Once the data is there, what we would like to know is whether an item is borrowed and if so by whom. We may also want to know the items borrowed by a friend. So, in loans.py, let us add these two methods. Remember, the indentation of these methods will be the same as that of the methods defined above.

def info_friend(self, name):

if self.friends.has_key(name):

return 'phone = ' + str(self.friends[name][0]) + \

' & Email = ' + str(self.friends[name][1])


return 'No phone or email'

def borrower(self, item_name):

if self.loaned_items.has_key(item_name):

name = self.loaned_items[item_name]

return name + ' contact: ' + self.info_friend(name)


return item_name + ' : not borrowed'

def borrowed_items(self, name):

items = [key for key in self.loaned_items if self.loaned_items[key] == name ]

return str(items)

We introduce an additional method to keep each method simple.

Both info_friend and borrower check return values based on whether the parameter is a valid key. If the entire statement does not fit on a line, '\' is used to continue it on the next line.

The str method is useful as it returns a string representation of an object, e.g. a number or a None object. We reference specific fields of a list by using an integer index starting with 0.

It should be pretty easy to read the above code. The borrowed_items method makes use of list comprehensions – an incredibly powerful way to manipulate lists. In our case, items is a list which consists of the keys of loaned_items whose value matches the borrower.

It's Not a 24x7 Application

If we close our application or shut the system, all our entries are gone. We preserve vegetables and fruit by pickling them. Well, Python provides a module to pickle objects. We continue with the Python interpreter and enter the following commands:

>>>import pickle # import the pickle module

>>>f = open('loans.pickle', 'w') # open a file in write mode

>>>pickle.dump(my_loans, f) # pickle our object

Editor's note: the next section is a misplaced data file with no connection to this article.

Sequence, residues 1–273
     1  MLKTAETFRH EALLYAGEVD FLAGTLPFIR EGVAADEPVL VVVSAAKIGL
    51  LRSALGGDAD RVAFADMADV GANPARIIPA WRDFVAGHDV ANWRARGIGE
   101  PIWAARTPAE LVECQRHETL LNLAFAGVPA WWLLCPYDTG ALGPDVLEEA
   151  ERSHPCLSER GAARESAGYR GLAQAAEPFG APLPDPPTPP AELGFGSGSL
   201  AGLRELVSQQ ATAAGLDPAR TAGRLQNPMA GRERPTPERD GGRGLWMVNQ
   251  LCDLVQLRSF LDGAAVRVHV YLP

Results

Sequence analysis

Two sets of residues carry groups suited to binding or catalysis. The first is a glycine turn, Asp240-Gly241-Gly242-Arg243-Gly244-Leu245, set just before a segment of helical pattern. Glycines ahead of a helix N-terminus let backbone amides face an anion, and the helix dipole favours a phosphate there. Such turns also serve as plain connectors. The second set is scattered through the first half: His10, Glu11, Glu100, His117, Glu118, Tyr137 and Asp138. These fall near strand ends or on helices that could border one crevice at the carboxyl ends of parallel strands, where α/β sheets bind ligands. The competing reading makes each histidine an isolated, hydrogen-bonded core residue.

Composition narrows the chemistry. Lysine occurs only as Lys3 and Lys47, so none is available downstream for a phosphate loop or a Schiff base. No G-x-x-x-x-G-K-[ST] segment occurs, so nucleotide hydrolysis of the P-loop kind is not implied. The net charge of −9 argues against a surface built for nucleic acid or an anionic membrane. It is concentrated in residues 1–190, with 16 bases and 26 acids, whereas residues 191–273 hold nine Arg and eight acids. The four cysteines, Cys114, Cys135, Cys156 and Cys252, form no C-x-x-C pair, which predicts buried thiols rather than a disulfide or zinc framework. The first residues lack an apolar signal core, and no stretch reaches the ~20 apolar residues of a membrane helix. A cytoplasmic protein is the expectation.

>>>f.close() # don't forget to close the file

(It is always possible to enter the Python script in a file, e.g. myscript.py. We can then run it by giving the command 'python myscript.py' and use it as often as needed.)

There are two ways to import a module. We have used 'import pickle' above. Hence, we have to use the methods in the module by using the module name as well, e.g. pickle.dump.

We could have alternatively used 'from pickle import dump', in which case we would have used the method 'dump' without the need to qualify it.

Suppose we wanted to import everything from the module, we could then have used 'from pickle import *'.

How do we get back the pickled object? It is equally simple.

>>>del my_loans # delete the my_loans object.

>>>my_loans.friends # you should get an error

>>>f = open('loans.pickle') # open the pickle file – default is read

>>>my_loans = pickle.load(f) # create the object from the pickle

>>>my_loans.friends # verify that the data is correct

The first 2 lines are for experimenting only because we are trying to reuse the object in the same session. It is useful to know that if you no longer need some objects, you can delete them.


We would recommend that you experiment and try more examples. Python made it easy to introduce concepts which are regarded as complex – object oriented programming (classes) and functional programming (list comprehensions). However, it will take a lot more experimentation to gain a proper comprehension and dream of the immense possibilities of solving complex problems simply.

You can implement the loans class using a single dictionary. Keep the method names and parameters the same. Then, the programs using this class by relying only on the methods will not change.

Pickle is great for saving state of an object, but it is not a substitute for storing dynamic data over long periods. We need to use a database for that. We will have to wait till next month when we alter our implementation of loans.